2008. Maternal fatty acid intake and fetal growth: evidence for an association in
overweight women. The 'EDEN mother-child' cohort (study of pre- and early postnatal
determinants of the child's development and health). Br J Nutr:1-9.
Fréry N, Girard F, Moreau T, Blot P, Sahuquillo J, Hajem S, et al. 1993. Validity of hair
cadmium in detecting chronic cadmium exposure in general populations. Bull Environ
Contam Toxicol 50:736-743.
Goldstein JD, Garry DJ, Maulik D. 2000. Obstetric conditions and erythropoietin levels. Am J
Obstet Gynecol 182:1055-1057.
Gonick HC, Behari JR. 2002. Is lead exposure the principal cause of essential hypertension?
Med Hypotheses 59:239-246.
Gonick HC, Ding Y, Bondy SC, Ni Z, Vaziri ND. 1997. Lead-induced hypertension: interplay
of nitric oxide and reactive oxygen species. Hypertension 30:1487-1492.
Groom KM, North RA, Poppe KK, Sadler L, McCowan LM. 2007. The association between
customised small for gestational age infants and pre-eclampsia or gestational
hypertension varies with gestation at delivery. BJOG 114:478-484.
Gulson BL, Jameson CW, Mahaffey KR, Mizon KJ, Korsch MJ, Vimpani G. 1997.
Pregnancy increases mobilization of lead from maternal skeleton. J Lab Clin Med
Hertz-Picciotto I, Croft J. 1993. Review of the relation between blood lead and blood
pressure. Epidemiol Rev 15:352-373.
Hertz-Picciotto I, Schramm M, Watt-Morse M, Chantala K, Anderson J, Osterloh J. 2000.
Patterns and determinants of blood lead during pregnancy. Am J Epidemiol
Hrazdilova O, Unzeitig V, Znojil V, Izakovicova-Holla L, Janku P, Vasku A. 2001.
Relationship of age and the body mass index to selected hypertensive complications in
pregnancy. Int J Gynaecol Obstet 75:165-169.
Huel G, Boudène C, Jouan M, Lazar P. 1986. Assessment of exposure to lead of the general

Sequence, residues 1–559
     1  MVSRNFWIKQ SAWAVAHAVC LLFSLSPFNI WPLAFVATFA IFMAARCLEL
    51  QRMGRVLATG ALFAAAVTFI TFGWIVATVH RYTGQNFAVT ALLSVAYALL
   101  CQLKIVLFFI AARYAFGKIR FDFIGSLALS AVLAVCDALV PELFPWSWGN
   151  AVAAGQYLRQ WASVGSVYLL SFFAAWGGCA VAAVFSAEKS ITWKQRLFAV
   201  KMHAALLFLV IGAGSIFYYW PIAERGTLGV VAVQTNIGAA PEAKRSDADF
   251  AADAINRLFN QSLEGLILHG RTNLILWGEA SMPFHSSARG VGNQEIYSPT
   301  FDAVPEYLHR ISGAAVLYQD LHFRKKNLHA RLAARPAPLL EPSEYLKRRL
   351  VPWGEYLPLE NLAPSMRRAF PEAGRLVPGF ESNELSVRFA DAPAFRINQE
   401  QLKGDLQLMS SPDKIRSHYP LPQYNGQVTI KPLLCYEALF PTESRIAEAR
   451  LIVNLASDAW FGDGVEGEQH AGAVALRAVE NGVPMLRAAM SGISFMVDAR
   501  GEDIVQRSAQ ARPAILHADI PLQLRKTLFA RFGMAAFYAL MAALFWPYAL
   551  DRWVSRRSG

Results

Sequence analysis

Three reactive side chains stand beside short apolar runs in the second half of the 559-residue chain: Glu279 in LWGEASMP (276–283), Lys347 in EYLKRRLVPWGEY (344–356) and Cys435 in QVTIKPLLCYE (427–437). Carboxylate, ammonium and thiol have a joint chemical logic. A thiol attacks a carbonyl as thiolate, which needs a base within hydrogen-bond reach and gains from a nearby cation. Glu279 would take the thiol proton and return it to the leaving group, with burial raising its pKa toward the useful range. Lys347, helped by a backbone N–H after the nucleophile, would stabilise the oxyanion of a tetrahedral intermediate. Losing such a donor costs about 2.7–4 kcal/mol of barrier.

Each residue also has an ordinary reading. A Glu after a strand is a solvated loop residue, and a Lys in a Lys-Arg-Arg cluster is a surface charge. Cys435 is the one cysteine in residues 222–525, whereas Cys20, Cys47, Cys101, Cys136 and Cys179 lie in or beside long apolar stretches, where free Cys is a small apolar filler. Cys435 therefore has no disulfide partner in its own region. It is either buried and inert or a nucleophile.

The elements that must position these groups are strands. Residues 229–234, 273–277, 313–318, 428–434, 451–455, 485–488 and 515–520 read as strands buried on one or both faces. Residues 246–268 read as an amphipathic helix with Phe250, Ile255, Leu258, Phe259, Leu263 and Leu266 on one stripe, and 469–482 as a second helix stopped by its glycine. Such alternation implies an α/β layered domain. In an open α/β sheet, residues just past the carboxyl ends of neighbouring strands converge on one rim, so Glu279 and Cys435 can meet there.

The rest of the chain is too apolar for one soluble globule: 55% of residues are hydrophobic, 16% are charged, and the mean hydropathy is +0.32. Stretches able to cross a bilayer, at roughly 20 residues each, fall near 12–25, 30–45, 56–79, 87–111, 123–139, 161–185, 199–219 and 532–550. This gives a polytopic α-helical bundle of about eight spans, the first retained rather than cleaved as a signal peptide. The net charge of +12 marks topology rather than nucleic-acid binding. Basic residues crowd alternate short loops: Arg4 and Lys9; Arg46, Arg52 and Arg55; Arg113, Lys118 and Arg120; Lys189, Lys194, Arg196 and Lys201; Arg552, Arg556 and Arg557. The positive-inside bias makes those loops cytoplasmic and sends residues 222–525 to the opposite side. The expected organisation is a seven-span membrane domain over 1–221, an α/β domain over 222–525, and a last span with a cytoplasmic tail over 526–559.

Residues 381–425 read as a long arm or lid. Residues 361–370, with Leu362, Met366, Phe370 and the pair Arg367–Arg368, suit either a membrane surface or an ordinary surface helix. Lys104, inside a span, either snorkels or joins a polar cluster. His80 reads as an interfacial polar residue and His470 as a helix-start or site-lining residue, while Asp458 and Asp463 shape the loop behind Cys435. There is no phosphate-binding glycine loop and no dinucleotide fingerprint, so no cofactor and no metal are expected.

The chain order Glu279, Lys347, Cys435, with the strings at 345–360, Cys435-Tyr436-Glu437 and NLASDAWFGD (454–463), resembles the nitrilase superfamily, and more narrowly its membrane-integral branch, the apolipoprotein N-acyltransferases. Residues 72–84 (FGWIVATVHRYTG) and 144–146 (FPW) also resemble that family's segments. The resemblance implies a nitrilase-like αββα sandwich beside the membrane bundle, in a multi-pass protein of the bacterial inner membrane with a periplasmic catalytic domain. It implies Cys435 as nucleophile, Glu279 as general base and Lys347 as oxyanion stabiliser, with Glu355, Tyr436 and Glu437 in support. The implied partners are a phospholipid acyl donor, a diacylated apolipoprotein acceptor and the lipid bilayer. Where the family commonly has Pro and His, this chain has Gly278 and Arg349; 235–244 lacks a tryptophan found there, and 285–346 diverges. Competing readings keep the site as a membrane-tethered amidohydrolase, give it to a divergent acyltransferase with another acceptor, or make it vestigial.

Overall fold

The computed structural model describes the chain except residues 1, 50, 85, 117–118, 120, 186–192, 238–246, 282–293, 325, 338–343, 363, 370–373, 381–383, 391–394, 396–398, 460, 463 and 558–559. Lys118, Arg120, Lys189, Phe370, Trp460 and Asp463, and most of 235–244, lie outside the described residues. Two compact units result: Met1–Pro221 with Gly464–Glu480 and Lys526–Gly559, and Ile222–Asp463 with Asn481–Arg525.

population in the French community through biological monitoring. Int Arch Occup
Environ Health 58:131-139.
Huel G, Campagna D, Girard F, Moreau T, Blot P. 2000. Does selenium reduce the risk of
threatened preterm delivery associated with placental cytochrome P450-1A1 activity?
Environ Res 84:228-233.
Kosanovic M, Jokanovic M, Jevremovic M, Dobric S, Bokonjic D. 2002. Maternal and fetal
cadmium and selenium status in normotensive and hypertensive pregnancy. Biol Trace
Elem Res 89:97-103.
Lee AM, Huel G, Godin J, Hellier G, Sahuquillo J, Moreau T, et al. 1995. Inter-individual
variation of selenium in maternal plasma, cord plasma and placenta. Sci Total Environ
Mergler D, Huel G, Bellanger S, Bowler R, Truchon G, Ostiguy C, et al. 1996. Surveillance
of early neurotoxic dysfunction. Neurotoxicology 17:803-812.
Moreau T, Hannaert P, Orssaud G, Huel G, Garay RP, Claude JR, et al. 1988. Influence of
membrane sodium transport upon the relation between blood lead and blood pressure
in a general male population. Environ Health Perspect 78:47-51.
Navas-Acien A, Guallar E, Silbergeld EK, Rothenberg SJ. 2007. Lead exposure and
cardiovascular disease--a systematic review. Environ Health Perspect 115:472-482.
Nawrot TS, Thijs L, Den Hond EM, Roels HA, Staessen JA. 2002. An epidemiological
re-appraisal of the association between blood pressure and blood lead: a meta-analysis. J
Hum Hypertens 16:123-131.
NHBPEP. 2000. Report of the National High Blood Pressure Education Program Working
Group on High Blood Pressure in Pregnancy. Am J Obstet Gynecol 183:S1-S22.
O'Flaherty E, Polak J, Andriot M. 1995. Incorporation of temporal factors into physiologically
based kinetic models for risk assessment. Inhal Toxicol 7:917-925.
Rabinowitz M, Bellinger D, Leviton A, Needleman H, Schoenbaum S. 1987. Pregnancy
hypertension, blood pressure during labor, and blood lead levels. Hypertension
Rayman MP, Bode P, Redman CW. 2003. Low selenium status is associated with the
occurrence of the pregnancy disease preeclampsia in women from the United
Kingdom. Am J Obstet Gynecol 189:1343-1349.
Rothenberg SJ, Manalo M, Jiang J, Khan F, Cuellar R, Reyes S, et al. 1999. Maternal blood
lead level during pregnancy in South Central Los Angeles. Arch Environ Health
Schwartz J. 1995. Lead, blood pressure, and cardiovascular disease in men. Arch Environ
Sowers M, Jannausch M, Scholl T, Li W, Kemp FW, Bogden JD. 2002. Blood lead
concentrations and pregnancy outcomes. Arch Environ Health 57:489-495.
Telisman S, Pizent A, Jurasovic J, Cvitkovic P. 2004. Lead effect on blood pressure in
moderately lead-exposed male workers. Am J Ind Med 45:446-454.
U.S. EPA. 2006. Air Quality Criteria for Lead (Final). URL:
Vaziri ND, Khan M. 2007. Interplay of reactive oxygen species and nitric oxide in the
pathogenesis of experimental lead-induced hypertension. Clin Exp Pharmacol Physiol